Gasoline prices differ substantially across different parts of the United States. For example, the average price in Illinois is currently 70 cents/gallon higher than that in Wyoming, and California motorists pay 86 cents/gallon more than the folks in Wyoming. Why is that?
The biggest single factor is taxes. The tax on a gallon of gasoline in Illinois is 25 cents higher than in Wyoming, while the California tax is 35 cents higher.
But that still leaves 45 cents of the Illinois premium and 51 cents of the California premium unexplained. Political Calculations has created a map of average gasoline prices once you subtract out taxes. (His original map, like that from GasBuddy above, also has a nice mouse-over feature if you want to see more details).
Another minor factor in the price differential is differences in the gasoline itself. Motorists in California, for example, are required to use a higher-quality fuel in order to help limit air pollution.
A more important factor is differences in the cost of crude oil available to refineries in different parts of the country. For example, sweet crude in Louisiana is currently fetching $125 a barrel, or $27 more than its counterpart in Wyoming. If the refined product market in Wyoming were completely separate from that in the rest of the country, we might then expect gasoline in Wyoming to be 68 cents/gallon cheaper than on the coasts as a result of differences in the cost of crude alone.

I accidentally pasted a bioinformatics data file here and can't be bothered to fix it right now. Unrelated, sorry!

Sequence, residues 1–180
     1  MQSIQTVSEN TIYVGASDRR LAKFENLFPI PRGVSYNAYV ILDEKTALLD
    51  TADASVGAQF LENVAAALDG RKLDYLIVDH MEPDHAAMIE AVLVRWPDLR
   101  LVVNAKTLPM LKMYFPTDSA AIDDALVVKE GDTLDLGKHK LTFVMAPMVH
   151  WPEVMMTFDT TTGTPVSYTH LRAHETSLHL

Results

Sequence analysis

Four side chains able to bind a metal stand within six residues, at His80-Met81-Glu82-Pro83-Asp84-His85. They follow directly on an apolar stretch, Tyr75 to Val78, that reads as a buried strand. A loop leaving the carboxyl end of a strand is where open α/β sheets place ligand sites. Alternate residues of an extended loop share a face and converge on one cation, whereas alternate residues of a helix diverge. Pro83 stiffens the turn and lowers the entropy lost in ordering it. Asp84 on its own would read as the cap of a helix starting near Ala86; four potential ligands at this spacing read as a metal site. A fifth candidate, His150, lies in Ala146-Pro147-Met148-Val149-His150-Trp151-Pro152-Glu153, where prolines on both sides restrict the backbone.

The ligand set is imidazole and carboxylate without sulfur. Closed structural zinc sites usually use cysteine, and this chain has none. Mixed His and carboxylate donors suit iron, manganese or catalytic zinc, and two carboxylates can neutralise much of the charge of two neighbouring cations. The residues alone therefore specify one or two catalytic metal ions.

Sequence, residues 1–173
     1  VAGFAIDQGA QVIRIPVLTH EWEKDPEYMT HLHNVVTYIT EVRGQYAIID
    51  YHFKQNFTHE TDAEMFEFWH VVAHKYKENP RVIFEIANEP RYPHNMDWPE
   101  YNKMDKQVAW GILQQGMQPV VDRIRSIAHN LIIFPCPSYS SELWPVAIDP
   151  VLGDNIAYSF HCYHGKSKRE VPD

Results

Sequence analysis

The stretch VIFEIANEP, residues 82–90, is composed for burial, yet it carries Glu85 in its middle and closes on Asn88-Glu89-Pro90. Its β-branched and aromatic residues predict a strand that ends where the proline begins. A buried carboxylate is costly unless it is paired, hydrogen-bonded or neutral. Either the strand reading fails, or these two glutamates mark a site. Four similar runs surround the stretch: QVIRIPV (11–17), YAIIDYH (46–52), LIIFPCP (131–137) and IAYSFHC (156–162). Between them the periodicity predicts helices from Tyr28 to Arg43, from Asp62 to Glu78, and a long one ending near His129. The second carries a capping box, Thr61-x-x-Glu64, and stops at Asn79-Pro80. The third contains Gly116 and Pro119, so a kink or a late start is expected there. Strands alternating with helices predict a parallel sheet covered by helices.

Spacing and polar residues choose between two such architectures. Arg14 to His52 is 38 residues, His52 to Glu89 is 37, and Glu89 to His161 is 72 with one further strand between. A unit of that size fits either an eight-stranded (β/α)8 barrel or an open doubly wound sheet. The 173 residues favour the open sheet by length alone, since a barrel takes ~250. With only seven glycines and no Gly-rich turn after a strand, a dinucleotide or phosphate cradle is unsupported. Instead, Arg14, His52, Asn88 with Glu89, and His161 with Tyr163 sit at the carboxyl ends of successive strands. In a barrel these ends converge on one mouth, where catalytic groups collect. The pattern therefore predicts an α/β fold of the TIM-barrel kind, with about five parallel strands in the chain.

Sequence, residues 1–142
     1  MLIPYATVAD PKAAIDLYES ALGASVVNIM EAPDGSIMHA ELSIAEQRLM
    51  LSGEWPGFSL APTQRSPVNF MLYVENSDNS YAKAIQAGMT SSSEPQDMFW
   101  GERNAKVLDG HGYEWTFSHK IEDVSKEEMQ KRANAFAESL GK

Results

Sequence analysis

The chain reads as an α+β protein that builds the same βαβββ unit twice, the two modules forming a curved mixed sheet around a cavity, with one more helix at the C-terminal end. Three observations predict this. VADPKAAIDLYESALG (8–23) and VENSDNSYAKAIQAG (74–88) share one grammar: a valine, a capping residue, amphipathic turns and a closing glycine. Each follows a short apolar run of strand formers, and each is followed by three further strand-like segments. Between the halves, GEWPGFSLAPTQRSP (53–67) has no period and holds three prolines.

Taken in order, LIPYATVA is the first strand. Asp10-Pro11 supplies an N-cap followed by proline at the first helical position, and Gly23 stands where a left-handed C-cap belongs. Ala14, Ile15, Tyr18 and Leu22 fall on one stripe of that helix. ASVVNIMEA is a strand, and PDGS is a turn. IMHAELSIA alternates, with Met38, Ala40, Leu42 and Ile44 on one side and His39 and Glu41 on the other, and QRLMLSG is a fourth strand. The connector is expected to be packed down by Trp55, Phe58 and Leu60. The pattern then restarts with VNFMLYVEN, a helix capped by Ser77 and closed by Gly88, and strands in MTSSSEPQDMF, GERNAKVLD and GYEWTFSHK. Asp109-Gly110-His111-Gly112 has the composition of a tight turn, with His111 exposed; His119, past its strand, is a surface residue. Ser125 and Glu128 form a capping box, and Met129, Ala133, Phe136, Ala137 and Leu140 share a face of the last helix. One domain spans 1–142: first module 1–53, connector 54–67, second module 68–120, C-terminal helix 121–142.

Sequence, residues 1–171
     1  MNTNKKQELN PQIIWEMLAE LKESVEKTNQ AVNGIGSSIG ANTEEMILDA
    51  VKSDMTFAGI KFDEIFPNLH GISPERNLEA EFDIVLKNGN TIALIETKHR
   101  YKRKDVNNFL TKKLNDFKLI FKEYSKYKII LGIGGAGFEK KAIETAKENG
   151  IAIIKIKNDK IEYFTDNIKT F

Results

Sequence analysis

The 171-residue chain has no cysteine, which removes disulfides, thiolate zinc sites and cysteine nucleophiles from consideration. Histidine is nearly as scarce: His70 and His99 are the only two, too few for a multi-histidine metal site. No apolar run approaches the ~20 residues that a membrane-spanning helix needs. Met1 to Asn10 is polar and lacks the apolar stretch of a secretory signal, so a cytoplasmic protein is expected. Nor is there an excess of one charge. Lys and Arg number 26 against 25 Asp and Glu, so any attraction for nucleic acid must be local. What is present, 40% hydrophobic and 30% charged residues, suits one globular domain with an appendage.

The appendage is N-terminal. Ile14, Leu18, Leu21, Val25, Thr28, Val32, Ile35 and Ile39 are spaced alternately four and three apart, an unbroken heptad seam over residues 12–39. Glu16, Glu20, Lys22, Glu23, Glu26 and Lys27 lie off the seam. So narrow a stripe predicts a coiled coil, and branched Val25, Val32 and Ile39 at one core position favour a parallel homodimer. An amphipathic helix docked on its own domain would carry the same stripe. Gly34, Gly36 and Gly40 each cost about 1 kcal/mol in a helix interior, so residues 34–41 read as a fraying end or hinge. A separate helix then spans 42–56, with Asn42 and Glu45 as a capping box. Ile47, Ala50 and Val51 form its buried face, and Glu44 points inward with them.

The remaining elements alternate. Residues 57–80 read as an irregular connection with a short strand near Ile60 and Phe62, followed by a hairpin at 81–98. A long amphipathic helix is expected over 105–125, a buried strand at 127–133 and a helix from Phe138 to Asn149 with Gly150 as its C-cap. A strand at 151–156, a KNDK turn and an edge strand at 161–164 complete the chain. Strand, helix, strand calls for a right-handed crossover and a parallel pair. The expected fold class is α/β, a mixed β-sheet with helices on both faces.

But the refined markets are not completely separated, and no producer would want to sell gasoline in Wyoming if you had an easy way to get it to somebody willing to pay 68 more cents per gallon for it. Although America’s pipeline system for transporting crude oil is not up to the task of moving all the crude available in Wyoming to refineries in Louisiana, the infrastructure for transporting refined products is somewhat better. The result is that Americans in the middle of the country pay more and those on the coasts pay less than they would if the product markets were completely isolated geographically. The equilibrium price differential is the one that equalizes the return from selling in different markets after taking into account transportation costs.
In fact, refiners in the central U.S. have such a competitive advantage through their access to cheap locally produced crude that they have turned the U.S. into a net exporter of refined products like gasoline, despite the fact that we of course are still a huge net importer of the crude petroleum itself. We use pipelines to ship gasoline and diesel to the Gulf of Mexico, and tankers from there to sell refined products around the globe. The flip side of this is that refiners on the East Coast find themselves at a huge disadvantage. Refineries accounting for half of East Coast capacity are set to close.
That means that if you live in New York and complain about paying more than drivers in the central United States, you could soon see that differential increase even more.
This post originally appeared at Econbrowser and is posted with permission.